The Power of Time Perception Control the Speed of Time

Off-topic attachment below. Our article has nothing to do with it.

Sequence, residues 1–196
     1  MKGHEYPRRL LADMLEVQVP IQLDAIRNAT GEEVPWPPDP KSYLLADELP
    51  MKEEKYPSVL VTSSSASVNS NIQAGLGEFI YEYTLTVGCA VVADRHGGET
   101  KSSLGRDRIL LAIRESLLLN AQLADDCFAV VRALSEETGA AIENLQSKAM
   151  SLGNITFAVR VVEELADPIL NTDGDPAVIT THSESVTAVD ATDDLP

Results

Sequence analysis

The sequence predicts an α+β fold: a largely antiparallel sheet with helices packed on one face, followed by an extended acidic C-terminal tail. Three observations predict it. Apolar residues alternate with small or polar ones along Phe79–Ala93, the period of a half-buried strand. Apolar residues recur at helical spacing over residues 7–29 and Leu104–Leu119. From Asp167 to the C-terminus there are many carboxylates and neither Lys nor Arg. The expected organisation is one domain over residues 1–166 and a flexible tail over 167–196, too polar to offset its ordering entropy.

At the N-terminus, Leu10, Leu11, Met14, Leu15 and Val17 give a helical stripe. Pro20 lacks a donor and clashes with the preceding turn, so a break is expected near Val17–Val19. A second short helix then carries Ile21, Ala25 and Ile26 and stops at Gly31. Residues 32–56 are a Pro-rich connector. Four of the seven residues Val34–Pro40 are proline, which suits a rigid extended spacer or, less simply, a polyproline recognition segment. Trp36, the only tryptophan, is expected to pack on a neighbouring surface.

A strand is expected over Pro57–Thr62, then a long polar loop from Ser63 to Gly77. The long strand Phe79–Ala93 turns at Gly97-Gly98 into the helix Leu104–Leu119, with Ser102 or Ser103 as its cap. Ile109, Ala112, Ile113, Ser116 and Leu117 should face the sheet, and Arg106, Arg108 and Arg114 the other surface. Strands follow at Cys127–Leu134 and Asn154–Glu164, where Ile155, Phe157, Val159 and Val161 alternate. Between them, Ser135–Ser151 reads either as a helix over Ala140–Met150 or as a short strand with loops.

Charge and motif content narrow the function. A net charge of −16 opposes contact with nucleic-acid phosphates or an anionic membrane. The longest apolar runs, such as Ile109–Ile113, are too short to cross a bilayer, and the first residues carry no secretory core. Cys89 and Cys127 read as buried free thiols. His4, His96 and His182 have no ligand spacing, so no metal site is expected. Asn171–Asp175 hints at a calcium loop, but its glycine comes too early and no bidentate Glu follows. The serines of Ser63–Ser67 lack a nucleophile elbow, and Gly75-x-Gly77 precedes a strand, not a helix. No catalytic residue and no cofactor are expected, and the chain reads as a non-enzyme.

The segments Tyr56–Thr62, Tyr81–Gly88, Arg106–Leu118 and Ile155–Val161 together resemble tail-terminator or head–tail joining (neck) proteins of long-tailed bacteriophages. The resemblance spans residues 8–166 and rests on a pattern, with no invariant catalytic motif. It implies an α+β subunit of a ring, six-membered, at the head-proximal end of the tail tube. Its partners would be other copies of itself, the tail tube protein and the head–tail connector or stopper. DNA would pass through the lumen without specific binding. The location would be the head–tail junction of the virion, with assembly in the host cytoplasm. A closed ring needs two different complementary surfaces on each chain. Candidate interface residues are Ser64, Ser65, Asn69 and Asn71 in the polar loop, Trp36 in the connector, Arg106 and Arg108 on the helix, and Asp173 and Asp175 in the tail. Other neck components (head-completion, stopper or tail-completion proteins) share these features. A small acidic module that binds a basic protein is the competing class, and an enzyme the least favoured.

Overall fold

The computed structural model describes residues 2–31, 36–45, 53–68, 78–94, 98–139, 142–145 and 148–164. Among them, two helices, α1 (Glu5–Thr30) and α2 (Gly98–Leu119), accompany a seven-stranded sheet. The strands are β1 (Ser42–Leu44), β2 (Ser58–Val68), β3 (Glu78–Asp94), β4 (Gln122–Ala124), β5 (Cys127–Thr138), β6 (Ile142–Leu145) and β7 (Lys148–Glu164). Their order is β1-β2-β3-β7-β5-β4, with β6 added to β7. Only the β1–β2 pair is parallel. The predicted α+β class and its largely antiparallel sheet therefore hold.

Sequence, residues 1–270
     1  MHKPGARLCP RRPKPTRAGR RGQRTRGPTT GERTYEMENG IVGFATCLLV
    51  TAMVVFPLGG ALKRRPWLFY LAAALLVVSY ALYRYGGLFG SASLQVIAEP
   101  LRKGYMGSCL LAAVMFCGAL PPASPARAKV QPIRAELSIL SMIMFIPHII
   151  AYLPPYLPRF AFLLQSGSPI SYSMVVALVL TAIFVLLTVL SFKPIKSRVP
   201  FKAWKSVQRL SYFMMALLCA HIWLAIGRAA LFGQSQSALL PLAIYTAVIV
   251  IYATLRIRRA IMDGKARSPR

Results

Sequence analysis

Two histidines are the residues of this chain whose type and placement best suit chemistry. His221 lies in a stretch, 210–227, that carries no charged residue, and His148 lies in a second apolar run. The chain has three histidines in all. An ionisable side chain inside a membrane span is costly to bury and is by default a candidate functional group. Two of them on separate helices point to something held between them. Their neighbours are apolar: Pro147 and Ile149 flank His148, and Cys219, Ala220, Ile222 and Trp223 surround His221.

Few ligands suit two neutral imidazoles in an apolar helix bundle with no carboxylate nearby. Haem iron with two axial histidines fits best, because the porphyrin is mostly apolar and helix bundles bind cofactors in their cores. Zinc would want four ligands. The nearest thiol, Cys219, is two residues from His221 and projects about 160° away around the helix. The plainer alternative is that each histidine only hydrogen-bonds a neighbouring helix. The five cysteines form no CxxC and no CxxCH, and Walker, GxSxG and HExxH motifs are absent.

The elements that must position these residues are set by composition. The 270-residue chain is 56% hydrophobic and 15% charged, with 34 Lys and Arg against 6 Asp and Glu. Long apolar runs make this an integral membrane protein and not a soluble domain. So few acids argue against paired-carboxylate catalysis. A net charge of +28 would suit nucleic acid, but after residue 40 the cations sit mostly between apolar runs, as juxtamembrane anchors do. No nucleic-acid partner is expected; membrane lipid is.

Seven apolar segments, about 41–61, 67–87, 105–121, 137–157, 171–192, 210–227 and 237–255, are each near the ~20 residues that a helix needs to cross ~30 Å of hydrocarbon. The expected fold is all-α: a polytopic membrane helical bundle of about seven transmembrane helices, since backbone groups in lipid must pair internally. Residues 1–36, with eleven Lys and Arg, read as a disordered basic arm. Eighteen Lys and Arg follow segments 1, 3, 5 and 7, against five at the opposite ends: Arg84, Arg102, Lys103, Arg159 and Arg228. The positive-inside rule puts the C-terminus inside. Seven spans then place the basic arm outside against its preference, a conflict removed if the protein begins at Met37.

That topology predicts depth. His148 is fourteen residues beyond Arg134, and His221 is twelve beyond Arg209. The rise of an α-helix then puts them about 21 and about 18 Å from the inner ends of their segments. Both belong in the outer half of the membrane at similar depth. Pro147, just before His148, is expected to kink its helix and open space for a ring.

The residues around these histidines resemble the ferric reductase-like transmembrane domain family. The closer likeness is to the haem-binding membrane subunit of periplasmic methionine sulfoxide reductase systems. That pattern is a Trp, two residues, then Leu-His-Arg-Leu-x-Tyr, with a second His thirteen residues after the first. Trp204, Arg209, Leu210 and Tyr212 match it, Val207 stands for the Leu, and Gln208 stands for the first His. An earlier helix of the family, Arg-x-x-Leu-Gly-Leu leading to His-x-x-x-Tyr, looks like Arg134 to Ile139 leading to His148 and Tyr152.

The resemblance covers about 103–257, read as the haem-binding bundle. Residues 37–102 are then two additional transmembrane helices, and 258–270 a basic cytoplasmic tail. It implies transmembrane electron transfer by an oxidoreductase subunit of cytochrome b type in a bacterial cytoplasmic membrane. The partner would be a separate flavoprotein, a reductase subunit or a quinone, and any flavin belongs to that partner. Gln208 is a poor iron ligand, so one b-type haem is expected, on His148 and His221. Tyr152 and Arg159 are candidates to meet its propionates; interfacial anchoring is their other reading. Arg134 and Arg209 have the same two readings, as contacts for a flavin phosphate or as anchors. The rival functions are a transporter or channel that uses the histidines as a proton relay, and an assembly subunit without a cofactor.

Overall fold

How Do We Think About Time? One life—a little gleam of Time between two Eternities. ― Thomas Carlyle More Precious Than Gold What comes to mind when we think about time? Why is it so precious and why do we seek ways to ‘make the most of it’? ​Let us go back to ancient China in 4,000 BC where the first clocks were invented. In order to demonstrate the idea of time to students, Chinese priests would dangle a rope from the temple ceiling, using knots to represent the hours. They would light it with a flame from the bottom to indicate the passage of time. Many temples burnt down in those days. The priests were obviously not too happy about that. So a water bucket method was invented. Holes were punched in the bottom of a large bucket of water, with markings to represent the hours, and water would flow at a constant rate. The students would measure time by how fast the bucket drained. It was much safer than burning ropes, but more importantly, it taught the students that once time was gone, it could never be recovered. Of course no one uses water clocks anymore. But the fact that time will eventually run out remains ever true. Time is our most precious possession because, as with the burning rope or water clock, once it is consumed it cannot be replenished. You can always work more hours to earn more money but you cannot do anything to gain more time. Unlike money that can be saved in a bank, or gold that be hidden in a treasure box, time cannot be saved. We have no choice but to spend every moment of it—and every moment that is spent is a moment that is gone forever. So it seems entirely irrational that we are willing to spend our time making money, but are reluctant to spend our money enjoying our time. We look for the best bargains and think twice before spending money, but often fail to do the same with time. “Wasting” a couple of hours is not as bad as losing a couple of hundred dollars, even though time is far more precious than money. We have the tendency to spend time as if it costs us nothing and this is made worse when you consider that time has an additional “opportunity cost” attached to it. You can divide your money between various things, like clothes, a new car, or a fancy dinner, but when you spend time on a certain activity, you effectively give up the opportunity to spend it on other things. Any benefit that might have been derived, had you chosen to do anything else, would be lost forever. Time is also priceless because it is truly a miracle that we are here. The odds that we are alive at this moment in time are one in a billion zillion. Think about that. There was only one chance in all the history of this universe that you would have been able to exist, and here you are. If for any reason your father and mother, or any of your grandparents, did not meet at exactly the right time, and at exactly the right place, you would not be here. If any of your ancestors, having gone through wars, famines, and pestilences, did not survive, you would not be here. The odds are astronomically stacked against your existence, but you won the lottery of life. Only you do not know that you won and the prize value in the time given to you is kept hidden. You spend from that credit line without knowing the remaining balance. You realize that whatever you spend cannot be replenished and that lottery of life can only be won once, never twice. The Value of Time: Work and Leisure Inventions and technological achievements of the past 100 years were all made for the purpose of providing more leisure time. Cars and planes were invented to make shorten travel. The computer was developed to make work easier. Phones were devised to make communication faster. ​Years ago, people thought that in the future there would be nothing to do. The 19th century British economist John Maynard Keynes imagined that in 1930 “our grandchildren would work around three hours a day.” In his day, technology had already reduced working hours and so he believed the trend would continue. In fact, according to recent statistics, Americans work 12 hours less each week than they did 40 years ago, and it is even less in Europe. The main problem for social scientists to tackle seemed to be: what can people do with all that free time? It obviously cannot be placed in a “Time Bank” for future consumption, nor can it be passed on to our children. But free time did not turn out to be a problem after all. Nowadays, people are busier than ever. Time scarcity has increased, especially in the corporate world, and particularly among working parents. It turns out that the problem is less about how much free time we have and more about how we perceive that time. During the Industrial Revolution, when clocks were used to measure labor, the value of time was associated with money. And so the more valuable we perceived our time to be, the less eager we were to “waste it” on leisure, and the scarcer it seemed. In a recent study carried out at the University of Toronto, two groups of people were asked to listen to the same piece of music, “The Flower Duet” from the opera Lakme. Group A was asked to calculate their hourly wage before the song started, whereas Group B was not asked. The participants in Group A felt less happy, more impatient, and felt that listening to that music was a waste of time. Group B did not. The study showed that most people tend to avoid wasting time so as to maximize the money that they can generate. The additional free time that technology has allowed for is often not spent on enjoying life but rather on working more. And though people may be earning more money, they are not earning more time to spend it in. The higher the paycheck, the scarcer time seems, and the more rushed people become. Wasted Time? You have probably heard the saying that money cannot buy happiness. An interesting 2009 Gallup survey, conducted over a period of two years, which gathered 450,000 responses, concluded that people are happier and more satisfied with their lives as their annual income increases. However, when annual income exceeds 75,000 U.S. dollars, life-satisfaction continues to increase but happiness does not. There is an income threshold where money does not contribute to people’s emotional well-being.2 This implies that on average, spending time earning more than 75,000 U.S. dollars is not well-spent because it does not make us happier. A central question is therefore this: are we making the most of our limited time? For now, let us look a little bit further into the “value” of time and “wasted time” as it relates to the culture, country, and the pace of life in the city where we live. Time & Culture Our culture affects how we view time, the value we place on time, and how we spend it. Time is perceived differently by Eastern and Western cultures, between countries of the same culture, and even between cities within the same country. In Western culture, time is viewed as linear. Life is considered a “journey” and death is the “end of the road.” The past is behind us and the future is a path that stretches before us. Time is an arrow. There is a beginning and an end to everything. This is based on ideas derived from the Semitic religions (Judaism, Christianity, and Islam), which says that the universe has a clear beginning and will have a clear end on Judgment Day. In those religions, humans are born once and die once. This linear view of time permeates many facets of Western culture. It explains why Westerners tend to be more focused on the future. It allows them to forecast future events, such as quarterly sales projections, through meticulous planning. You can be extremely confident that the train in Zurich will leave at exactly 10:07 a.m. and arrive at 11:04 a.m. People in these cultures aim to eliminate future unknowns to their best of their abilities. As a result of this linear view, time is considered very precious and limited. In the linear view, the value of time is equated with money. If you’ve ever had to deal with an American lawyer or doctor, you would quickly realize that time is money. Americans live in a profit-driven society where time is precious and needs to be utilized as quickly as it is passing. To achieve a decent status in U.S. society, you have to make money, which means you view your time in terms of your hourly wage. There is a linear mathematical relationship between time and money. Equating time and money is also why Americans do not generally tolerate idle time and instead look for ways to save time, such as increasing efficiencies in factory production. This view is also shared in Britain, Switzerland, Germany, the Netherlands, Austria, and the Scandinavian countries, where time precision for the sake of reducing wasted time is immensely important. Time is extremely regulated for the Swiss, for instance, who made precision their national symbol. Their watches, optical instruments, transportation, and banking industries stand witness to that. Those countries are influenced by the Protestant work ethic, which associates success with working harder and longer hours. Examples of popular idioms are “The early bird catches the worm” and “Never put off to tomorrow what you can do today.” Contrast that with societies that existed in the Soviet Union, where success was achieved by those who made the most by working the least. In Southern European countries, like Italy, Spain, Greece, or the Arab world, success is often associated with privilege, birthright, and connection to authorities. Time is viewed as a rubbery flexible thing, and people are generally not very interested in punctuality or deadlines, and are instead more focused on the end result. A meeting, for instance, is not constrained by clocks but by the discussions themselves, and time can be stretched or manipulated until a reasonable conclusion is met. People from these cultures generally feel less rushed. For them, time runs at a slower pace. While Americans tend to think about time in 5-minute increments, people living in Mediterranean countries and the Middle East do so in 15-minute increments. Popular expressions are: “In Sha’ Allah,” which in the Arab world means “If God wills,” or the Italian proverb, “Since the house is on fire, let us warm ourselves,” or the Turkish proverb, “What flares up fast extinguishes soon.” People in Southern European and Middle Eastern countries tend to be more focused on the present, rather than the future, which is likely the reason why these countries are relatively less developed than their northern counterparts. It also explains why people living in Spain, France, and Greece on average save less money, with Italians being the worst savers, as compared to Britain, Netherlands, and Germany, where people tend to be more focused on the future and are among the highest savers in Europe. However, this emphasis on the present is likely why people in Mediterranean cultures appear to enjoy life more, as it is happening now, e.g. the Italian La Dolce Vita (the sweet life), and generally prefer smaller, immediate gratifications over larger, long-term rewards. Now what about the Eastern view on time? In contrast to the West, time in the East is viewed as cyclical. The sun rises and sets, the seasons follow one another, generations follow generations, governments succeed each other, and this goes on forever. Time is more like a boomerang than an arrow. This idea originates in Eastern relireligions that believe in reincarnation, like Buddhism, Hinduism, and Taoism. People in cyclical cultures also tend to focus more on the past because they believe they can find links to the present. People’s actions in previous lives, known as karma, determines what type of existence they will have after rebirth. Unlike their West counterparts, Asians are generally not pressed to make quick decisions but instead prefer to contemplate and take their time. For them, time is not scarce; the same opportunities and risks come around again in another cycle, when they are wiser. As a result, they are less disciplined in planning their future and more lenient to go with the flow. Popular idioms are the Chinese proverb, “Wise men are never in a hurry” or the Japanese proverb, “A proposal without patience breaks its own heart.” The Chinese and Japanese, in addition to adopting this hesitant contemplation view of time, differentiate themselves from the rest of the Eastern countries through their keen sense of time. Punctuality is important to them. Chinese often arrive to meetings 15 minutes early, so as to finish on time and maximize efficiency. They appreciate the time that is contributed in a meeting, more than any other Asian countries. But they would still take their time for repeated deliberations before the deal is closed. The Japanese have a similar deep sense of passing time. This can be observed in how meticulously they are in dividing time. Japanese view time as segmented by tradition. These divisions do not follow Western ideas, where tasks are sequentially allocated to time slots for maximum efficiency, but are more concerned with how much time is given to proper courtesy and tradition. In social gatherings, Japanese have marked beginnings and endings that follow traditional phases. People are expected to conform to the heavily regulated society. This helps in defining where people stand in social and business situations. Exchanging business cards in the first two minutes of a meeting is a clear example that marks the beginning of a relationship. Students in Japanese schools are expected to formally request their teacher to start before the lesson begins. At the end of the class, they offer a ritualistic sign of gratitude. The same rituals apply in tea ceremonies, New Year and midsummer festivities, company picnics, sake-drinking sessions, martial arts sessions, and cherry blossom viewings. These activities are experienced by the Japanese in an unfolding manner. For them, time is segmented into slots defined by tradition, where it is important to do the “right thing at the right time.” The difference between how various cultures view time—as linear, flexible, or cyclic—affects the value people place on time and whether they are more focused on the past, present, or future. Depending on your culture, you either view time as a scarce or abundant. The Pace of Life The value of time not only changes with culture, but it also varies between cities of the same country. This is intricately related to the pace of life in any given city. ​In an interesting 1990 study, Robert Levine and his colleagues used four indicators to evaluate the pace of life in 36 American cities: the speed with which bank tellers made change, the talking speed of postal clerks, the walking speed of pedestrians, and the proportion of pedestrians wearing wristwatches. Levine found that the Northeastern United States were more fast-paced than the Western United States. Out of the 31 cities surveyed, the three fastest-paced cities were Boston, Buffalo, and New York.3 The three slowest-paced cities were Shreveport, Sacramento, and Los Angeles. They also found that people living in fast-paced cities tend to focus more on making every minute count, which creates more stress. That is why fast-paced cities have higher heart attack death rates and a higher proportion of cigarette smokers. In 1999, the same researchers carried out another study, which surveyed the largest cities in 31 countries, in an effort to determine what factors contribute to the pace of life. In each country they measured: the pedestrians’ walking speed in downtown areas on a clear summer day, the time it took postal workers to complete a standard request for stamps, and they noted the accuracy of the clocks across 15 banks. The results showed that the quick pace of life in cities like Tokyo, London, and Paris causes people to feel rushed and under constant pressure. The United States, Canada, Hong Kong, Taiwan, Singapore, and South Korea fall into the middle group. Slightly below that are the ex-Soviet bloc countries like Hungary, the Czech Republic, Bulgaria, and Romania. The slowest pace of life was found in the relatively non-industrialized countries from Africa (Kenya), Asia (Indonesia), the Middle East (Jordan and Syria), and Latin America (El Salvador, Brazil, and Mexico). Interestingly, the three slowest countries of all were widely associated with a relaxed pace of life. In Brazil, the stereotype of amanha or “tomorrow” means that, whenever it is possible, people will try to put off today’s business until tomorrow. In Indonesia, the hour on a clock is often addressed as jam kerat meaning “rubber time.” And the slowest of all was Mexico, the characteristic land of la maƱana, meaning tomorrow. 4 The researchers also found that the pace of life was slower in hotter cities than cooler ones. This may be due to the fact that in cold cities, natural selection favors people who are more industrious and who keep moving to stay warm. Heat, on the other hand, tends to make people lazier in warmer climates. This could be one of the reasons why northern countries tend to be more economically developed then southern ones. If we look back at our evolutionary history, we find that, until very recently, time precision was never a critical prerequisite for human survival. In the past, in order to survive, humans needed only to estimate the proper times for eating, sleeping, and working. Nowadays, time is considerably more critical. Aldous Huxley once observed, To us, the moment 8:17 A.M. means something—something very imimportant, if it happens to be the starting time of our daily train. To our ancestors, such an odd eccentric instant was without significance—did not even exist. In inventing the train, Watt and Stevenson were part inventors of time. As we saw earlier, when time is viewed as money, hours are measured financially, and people are concerned with how to use time more profitably. As economies grow, time seems scarcer and therefore becomes more valuable. Cities with a higher cost of living raise the price on time. Parisians are more prudent with their time than Mexicans. Pedestrians in Tokyo walk faster than those in Jakarta. In such fast-tempo cities, people earn more money to spend, but do not earn more time to spend it in, making time even more precious. Not having enough time becomes an excuse for not engaging in leisurely experiences, like a relaxing vacation, a quiet dinner, or a concert or theatre performance. As Erich Fromm put it, “Modern man thinks he loses something—time—when he does not do things quickly. Yet he does not know what to do with the time he gains—except kill it.” ​Feeling as though one is constantly rushed makes people impatient and impulsive, and affects mental health. In one piece of research from Google, it was found that more than a fifth of internet users will abandon an online video if it takes longer than five seconds to load. The pressure of time can also lead to stress, causing negative health effects such as heart disease, hypertension, headaches, and stomach pain. It can cause chronic anger, depression, bitterness, poor sleep quality, and even a sense of hopelessness. The overall effect of feeling like one has less time is that they are less happy and less satisfied. So what can we do about that? How can we control our perceived speed of time and slow it down to be able to do all the things we want to do? Slowing time physically is beyond our control. Having a 25-hour day would be great but is not yet possible—although the duration of a day on Earth is getting longer due to our moon’s gravity, which acts like a brake and slows down the Earth’s spin. As a result, the days are extending by about 1.7 milliseconds each century! But at that rate, you will have to wait 140 million years for one day to finally be 25 hours long! I doubt anyone will be there to see that day, let alone make any use of that extra one hour! (And you might have guessed right, it was far worse for the dinosaurs when the Earth was spinning faster, as they had to fit a full day of work in just 23 hours!) So, in order to maximize our sense of time, we need to look at how we “experience” time. Drawing on the latest findings in psychology and neuroscience will help us to understand why time seems to pass at different speeds in different situations. We have all experienced moments in life where time “dragged” or “flew.” In situations of extreme fear, you might have experienced moments where time froze. Or you may feel time is speeding up as you grow older. To control the perceived speed of time, we need to understand the factors that create this effect in our minds. Culture and the pace of life are some external factors that influence how limited or abundant time seems. These views can be modified by adjusting the emphasis we put on the past, present, and future and whether our view of time is linear, flexible, or cyclic. But what about the internal factors that affect our time experience? As we go through the book, I will propose a variety of practical tips that will help slow down the pace of time, regardless of which culture or city you live in. With that knowledge, my hope is that you will be able to craft the longest year of your life. Let us first start with some basics. Our “sense” of time: what is it and how do our brains think about the present, past, and future?